Information from the organizers
Within the framework of the research program
Arts Markets in Europe 1300-1800: Emergence, Development, Networks
and the Duke University partnership
International Graduate Program in Art Markets and Visual Studies
Université Lille 3 presents a one-day symposium.
Sixteenth-century Antwerp underwent an unprecedented economic growth,
yielding major commercial, social and cultural consequences. The development
of modern economic infrastructures participated in generating new consuming
habits, including a more widely spread interest in painting. The increasing
demand for luxury goods, and especially paintings, was both sustained and
encouraged by the development of new production types, oriented towards
innovation as well as an increasing variety.
Such evolution leads us to ask a number of questions that will feed today’s
debates. Among them :
– Under which conditions and forms did those new consumption models
emerge in Flanders?
– What kind of parallels can we draw between Antwerp!s particular economic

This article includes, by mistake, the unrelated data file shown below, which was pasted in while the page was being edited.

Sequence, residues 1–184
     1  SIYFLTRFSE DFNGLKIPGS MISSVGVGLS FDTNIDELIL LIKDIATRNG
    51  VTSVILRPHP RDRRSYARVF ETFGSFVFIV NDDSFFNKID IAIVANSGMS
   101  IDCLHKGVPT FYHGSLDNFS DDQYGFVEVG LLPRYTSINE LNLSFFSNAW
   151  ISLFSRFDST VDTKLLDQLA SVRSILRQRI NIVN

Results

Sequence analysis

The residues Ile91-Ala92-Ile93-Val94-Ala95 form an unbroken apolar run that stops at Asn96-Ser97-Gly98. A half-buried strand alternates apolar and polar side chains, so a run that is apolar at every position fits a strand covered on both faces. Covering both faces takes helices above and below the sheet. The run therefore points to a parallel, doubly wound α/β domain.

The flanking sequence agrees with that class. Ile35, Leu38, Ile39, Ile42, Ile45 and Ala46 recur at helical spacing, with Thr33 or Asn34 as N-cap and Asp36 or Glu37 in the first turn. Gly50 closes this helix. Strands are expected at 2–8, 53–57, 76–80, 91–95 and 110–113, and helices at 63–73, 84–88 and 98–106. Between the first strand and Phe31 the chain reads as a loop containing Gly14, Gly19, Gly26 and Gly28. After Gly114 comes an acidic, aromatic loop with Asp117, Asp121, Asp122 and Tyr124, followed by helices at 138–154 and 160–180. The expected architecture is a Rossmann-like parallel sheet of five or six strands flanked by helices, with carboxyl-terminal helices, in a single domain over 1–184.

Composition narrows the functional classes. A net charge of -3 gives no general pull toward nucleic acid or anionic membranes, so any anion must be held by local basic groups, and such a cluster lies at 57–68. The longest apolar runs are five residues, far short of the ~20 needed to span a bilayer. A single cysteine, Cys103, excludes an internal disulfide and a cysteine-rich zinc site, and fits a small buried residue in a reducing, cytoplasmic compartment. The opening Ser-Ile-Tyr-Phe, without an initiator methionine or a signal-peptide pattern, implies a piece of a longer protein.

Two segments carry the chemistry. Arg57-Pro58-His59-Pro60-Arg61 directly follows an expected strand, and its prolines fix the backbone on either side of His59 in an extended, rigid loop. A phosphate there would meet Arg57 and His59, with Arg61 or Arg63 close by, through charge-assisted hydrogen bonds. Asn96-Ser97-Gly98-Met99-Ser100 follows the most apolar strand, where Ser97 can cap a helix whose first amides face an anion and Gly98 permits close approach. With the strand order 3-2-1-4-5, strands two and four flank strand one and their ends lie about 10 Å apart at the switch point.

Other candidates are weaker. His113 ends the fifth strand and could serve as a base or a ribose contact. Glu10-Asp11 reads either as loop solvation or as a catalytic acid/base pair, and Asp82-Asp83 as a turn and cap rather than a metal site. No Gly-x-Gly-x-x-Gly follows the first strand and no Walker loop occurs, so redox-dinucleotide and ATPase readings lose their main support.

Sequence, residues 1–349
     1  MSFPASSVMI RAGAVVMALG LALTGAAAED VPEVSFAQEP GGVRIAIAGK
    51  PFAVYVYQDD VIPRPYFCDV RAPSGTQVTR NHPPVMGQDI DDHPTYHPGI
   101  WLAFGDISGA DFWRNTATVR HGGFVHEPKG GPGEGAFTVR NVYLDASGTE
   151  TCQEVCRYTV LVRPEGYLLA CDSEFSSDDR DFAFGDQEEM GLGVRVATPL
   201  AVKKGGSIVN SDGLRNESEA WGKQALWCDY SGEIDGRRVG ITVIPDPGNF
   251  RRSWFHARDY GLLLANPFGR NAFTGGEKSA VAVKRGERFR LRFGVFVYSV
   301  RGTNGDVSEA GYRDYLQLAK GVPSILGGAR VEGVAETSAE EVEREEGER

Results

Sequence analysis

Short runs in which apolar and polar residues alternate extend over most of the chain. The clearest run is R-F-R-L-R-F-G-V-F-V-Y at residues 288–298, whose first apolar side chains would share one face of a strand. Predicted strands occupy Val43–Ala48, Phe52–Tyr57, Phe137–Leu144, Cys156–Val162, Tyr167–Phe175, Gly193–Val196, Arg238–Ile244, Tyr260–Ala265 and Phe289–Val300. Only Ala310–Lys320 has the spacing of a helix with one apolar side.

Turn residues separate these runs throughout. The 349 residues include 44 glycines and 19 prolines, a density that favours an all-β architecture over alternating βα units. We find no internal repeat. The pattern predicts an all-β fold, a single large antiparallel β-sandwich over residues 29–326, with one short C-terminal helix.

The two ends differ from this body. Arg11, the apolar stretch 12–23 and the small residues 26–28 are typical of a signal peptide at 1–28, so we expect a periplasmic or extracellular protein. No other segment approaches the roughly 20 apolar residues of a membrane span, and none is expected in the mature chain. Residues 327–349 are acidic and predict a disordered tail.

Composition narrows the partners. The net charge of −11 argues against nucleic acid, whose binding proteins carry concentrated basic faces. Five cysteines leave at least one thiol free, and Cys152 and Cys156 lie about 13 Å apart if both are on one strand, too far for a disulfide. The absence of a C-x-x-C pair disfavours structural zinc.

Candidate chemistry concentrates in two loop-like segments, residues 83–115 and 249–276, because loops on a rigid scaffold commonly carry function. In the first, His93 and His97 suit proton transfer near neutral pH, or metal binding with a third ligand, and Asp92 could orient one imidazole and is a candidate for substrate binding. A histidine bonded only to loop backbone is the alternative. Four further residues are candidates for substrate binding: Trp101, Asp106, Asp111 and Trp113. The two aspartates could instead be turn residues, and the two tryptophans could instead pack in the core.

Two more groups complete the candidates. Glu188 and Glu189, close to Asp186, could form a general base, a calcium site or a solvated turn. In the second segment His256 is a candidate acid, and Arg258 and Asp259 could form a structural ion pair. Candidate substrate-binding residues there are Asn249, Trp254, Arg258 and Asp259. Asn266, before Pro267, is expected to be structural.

context, and the birth of new pictorial genres and styles, finally leading
to an increasing specialization of the artistic production?
– Does a specific iconography emerge in connection with the Antwerpian
– How were those innovations received, and how did they evolve over time,
given an increasingly controversial political and religious background?
Languages: English, French
10H00: Registration and coffee
10H30: Chair Alain TAPIÉ – Directeur des musées de Lille
Bruno BLONDÉ – Universiteit Antwerpen
The material renaissance? Northern perspectives on the development of a consumer society
Filip VERMEYLEN – Erasmus Universiteit Rotterdam
Broadening the horizon. Joachim Patinir and the sixteenth-century expansion of the Antwerp art market
12H30: Lunch break
14H00: Chair Sophie RAUX – Université Lille 3 – IRHiS
Robert MAYHEW – Duke University, Durham (NC)
Novelty, tradition, and hyper-specialization in sixteenth-century Antwerp painting
Koenraad JONCKHEERE – Universiteit van Amsterdam
Nudity on the open market: Antwerp art and its market in the 1540s